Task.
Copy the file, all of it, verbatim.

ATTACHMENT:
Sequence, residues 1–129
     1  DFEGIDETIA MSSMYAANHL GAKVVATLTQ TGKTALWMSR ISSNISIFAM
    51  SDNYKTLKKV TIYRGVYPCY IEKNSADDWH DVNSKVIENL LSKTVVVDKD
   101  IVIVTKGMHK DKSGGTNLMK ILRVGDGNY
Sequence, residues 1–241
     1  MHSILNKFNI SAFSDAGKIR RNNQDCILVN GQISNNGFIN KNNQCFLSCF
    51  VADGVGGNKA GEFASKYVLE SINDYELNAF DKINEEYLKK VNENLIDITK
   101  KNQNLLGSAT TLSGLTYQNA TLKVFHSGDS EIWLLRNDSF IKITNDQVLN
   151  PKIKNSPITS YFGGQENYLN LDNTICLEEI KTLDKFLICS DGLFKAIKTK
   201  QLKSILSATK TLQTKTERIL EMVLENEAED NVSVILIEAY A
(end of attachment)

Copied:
Sequence, residues 1–129
     1  DFEGIDETIA MSSMYAANHL GAKVVATLTQ TGKTALWMSR ISSNISIFAM
    51  SDNYKTLKKV TIYRGVYPCY IEKNSADDWH DVNSKVIENL LSKTVVVDKD
   101  IVIVTKGMHK DKSGGTNLMK ILRVGDGNY
Sequence, residues 1–241
     1  MHSILNKFNI SAFSDAGKIR RNNQDCILVN GQISNNGFIN KNNQCFLSCF
    51  VADGVGGNKA GEFASKYVLE SINDYELNAF DKINEEYLKK VNENLIDITK
   101  KNQNLLGSAT TLSGLTYQNA TLKVFHSGDS EIWLLRNDSF IKITNDQVLN
   151  PKIKNSPITS YFGGQENYLN LDNTICLEEI KTLDKFLICS DGLFKAIKTK
   201  QLKSILSATK TLQTKTERIL EMVLENEAED NVSVILIEAY A